A level Computer science is split into two complementary sections, programming and theory. On the programming side of the course, students can learn a programming language (chosen by your teachers from C#, Java, Pascal/Delphi, Python and VB.Net). You will cover the fundamentals of programming, data structures, algorithms, and object-orientated programme design.
The theory side of computer science teaches about the internal workings of a computer, right down the basics of how all data is stored using binary, whether that data consists of numbers, text, pictures or even music. It goes on from there to cover aspects of computer architecture, showing exactly how data is accessed from main memory using assembly language instructions and the fetch-execute cycle.
As well as covering programming the course aims to promote good programming practices such as avoiding global variables, sensible variable naming, structured programming, good re-use of code through procedures and functions, and proper commenting of code. It also covers higher level concepts such as the social and legal impact of computers, and how to go about breaking down a big problem into individual programmable steps.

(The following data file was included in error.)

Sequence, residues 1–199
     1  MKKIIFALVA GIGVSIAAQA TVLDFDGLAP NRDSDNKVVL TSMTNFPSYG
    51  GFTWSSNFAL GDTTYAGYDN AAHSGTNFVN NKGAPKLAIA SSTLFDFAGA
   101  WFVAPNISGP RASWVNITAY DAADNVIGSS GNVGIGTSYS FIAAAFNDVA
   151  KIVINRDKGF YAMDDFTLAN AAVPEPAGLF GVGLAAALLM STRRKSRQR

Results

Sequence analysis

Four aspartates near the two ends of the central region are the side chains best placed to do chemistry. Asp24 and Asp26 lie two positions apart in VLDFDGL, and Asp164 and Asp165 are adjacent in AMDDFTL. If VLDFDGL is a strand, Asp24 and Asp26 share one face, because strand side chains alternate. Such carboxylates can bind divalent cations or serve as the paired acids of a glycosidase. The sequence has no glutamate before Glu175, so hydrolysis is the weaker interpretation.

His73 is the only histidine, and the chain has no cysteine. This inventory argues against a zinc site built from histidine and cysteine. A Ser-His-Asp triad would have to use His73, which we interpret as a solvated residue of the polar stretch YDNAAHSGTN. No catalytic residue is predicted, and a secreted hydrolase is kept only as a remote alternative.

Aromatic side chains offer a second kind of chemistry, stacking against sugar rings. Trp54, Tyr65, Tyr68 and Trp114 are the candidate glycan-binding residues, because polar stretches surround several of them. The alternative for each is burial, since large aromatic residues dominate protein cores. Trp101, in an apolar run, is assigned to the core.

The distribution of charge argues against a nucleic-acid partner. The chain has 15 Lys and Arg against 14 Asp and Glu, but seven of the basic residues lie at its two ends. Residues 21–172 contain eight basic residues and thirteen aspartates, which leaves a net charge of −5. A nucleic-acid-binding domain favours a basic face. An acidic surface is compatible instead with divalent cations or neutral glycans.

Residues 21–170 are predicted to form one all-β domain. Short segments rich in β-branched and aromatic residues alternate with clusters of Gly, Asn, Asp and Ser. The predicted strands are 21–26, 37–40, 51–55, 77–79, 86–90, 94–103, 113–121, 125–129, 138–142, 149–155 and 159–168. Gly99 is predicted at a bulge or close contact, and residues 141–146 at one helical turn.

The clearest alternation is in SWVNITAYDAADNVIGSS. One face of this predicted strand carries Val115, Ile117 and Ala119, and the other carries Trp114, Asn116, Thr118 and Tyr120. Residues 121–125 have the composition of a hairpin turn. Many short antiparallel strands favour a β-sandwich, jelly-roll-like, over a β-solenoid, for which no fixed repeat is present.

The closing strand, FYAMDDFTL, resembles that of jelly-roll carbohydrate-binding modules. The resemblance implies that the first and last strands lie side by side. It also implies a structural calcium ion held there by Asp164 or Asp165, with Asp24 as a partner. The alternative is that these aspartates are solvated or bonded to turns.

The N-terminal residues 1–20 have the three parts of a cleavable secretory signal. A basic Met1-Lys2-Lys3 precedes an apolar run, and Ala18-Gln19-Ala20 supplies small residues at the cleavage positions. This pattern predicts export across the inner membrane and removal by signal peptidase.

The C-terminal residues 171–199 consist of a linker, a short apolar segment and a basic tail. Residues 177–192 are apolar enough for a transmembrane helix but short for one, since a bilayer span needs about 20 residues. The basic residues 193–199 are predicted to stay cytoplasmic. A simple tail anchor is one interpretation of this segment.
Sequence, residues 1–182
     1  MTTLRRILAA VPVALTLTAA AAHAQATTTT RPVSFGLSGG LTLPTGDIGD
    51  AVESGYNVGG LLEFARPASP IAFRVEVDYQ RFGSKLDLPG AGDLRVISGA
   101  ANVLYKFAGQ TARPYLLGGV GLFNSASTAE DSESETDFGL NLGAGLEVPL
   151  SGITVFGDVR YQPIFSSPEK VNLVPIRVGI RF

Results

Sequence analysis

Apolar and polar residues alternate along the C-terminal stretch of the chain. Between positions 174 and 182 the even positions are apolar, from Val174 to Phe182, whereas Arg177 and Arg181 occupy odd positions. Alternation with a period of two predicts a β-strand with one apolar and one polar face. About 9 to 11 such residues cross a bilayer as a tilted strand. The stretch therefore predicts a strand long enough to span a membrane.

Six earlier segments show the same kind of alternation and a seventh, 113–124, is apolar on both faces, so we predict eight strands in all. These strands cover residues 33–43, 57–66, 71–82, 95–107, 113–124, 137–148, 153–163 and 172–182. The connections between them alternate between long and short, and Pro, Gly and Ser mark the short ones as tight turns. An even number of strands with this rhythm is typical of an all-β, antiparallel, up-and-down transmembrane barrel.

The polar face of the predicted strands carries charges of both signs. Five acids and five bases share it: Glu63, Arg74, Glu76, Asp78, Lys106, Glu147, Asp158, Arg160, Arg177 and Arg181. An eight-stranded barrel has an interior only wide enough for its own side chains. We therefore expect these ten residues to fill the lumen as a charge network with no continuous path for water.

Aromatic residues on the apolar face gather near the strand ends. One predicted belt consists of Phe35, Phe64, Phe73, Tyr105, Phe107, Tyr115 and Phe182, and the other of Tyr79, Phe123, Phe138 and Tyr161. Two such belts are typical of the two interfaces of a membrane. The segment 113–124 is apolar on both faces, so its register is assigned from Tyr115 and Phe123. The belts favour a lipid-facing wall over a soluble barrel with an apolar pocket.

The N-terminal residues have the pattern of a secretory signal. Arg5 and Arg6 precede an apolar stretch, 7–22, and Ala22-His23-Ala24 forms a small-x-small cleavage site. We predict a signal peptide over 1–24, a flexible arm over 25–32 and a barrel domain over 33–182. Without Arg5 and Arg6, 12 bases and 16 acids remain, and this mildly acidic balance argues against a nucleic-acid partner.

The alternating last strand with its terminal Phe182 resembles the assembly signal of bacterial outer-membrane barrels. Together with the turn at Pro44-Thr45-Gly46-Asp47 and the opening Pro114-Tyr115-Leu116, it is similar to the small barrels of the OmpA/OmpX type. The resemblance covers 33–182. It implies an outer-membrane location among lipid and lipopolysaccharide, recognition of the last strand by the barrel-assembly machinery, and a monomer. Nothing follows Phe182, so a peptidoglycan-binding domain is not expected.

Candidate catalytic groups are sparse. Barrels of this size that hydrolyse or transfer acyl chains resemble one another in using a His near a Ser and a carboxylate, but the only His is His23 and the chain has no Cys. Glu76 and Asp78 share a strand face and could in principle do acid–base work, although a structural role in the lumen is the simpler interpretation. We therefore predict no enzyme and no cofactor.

The A level Computer science course consists of work towards two exam papers, both worth 40% of the whole, plus non-exam assessment worth 20% which will typically be done over a period of about 3 months.
The first exam is a programming test, which some exam boards, such as the AQA, like to do using an on-screen exam. This will test your ability to solve problems as much as it will test your technical knowledge of the programming language you have learned.
The second exam tests theory and is a written exam. Questions are designed to test your knowledge of computer systems, how they are formed, the social and legal parts of computing, communication, networking and databases.
For the non-exam assessment you pick your own project which must have a significant programming element. You will create a program to solve a problem, such as writing a computer game, making a mobile phone application or doing an investigation into machine learning. There is no restriction on programming language used in the project, so you could use Swift, Objective C, C++ or any other language you wanted to do your project. However, drag-and-drop languages, such as Scratch, are not allowed. When writing coursework you won’t just be expected to produce working code, but will be expected to write good, well structured working code.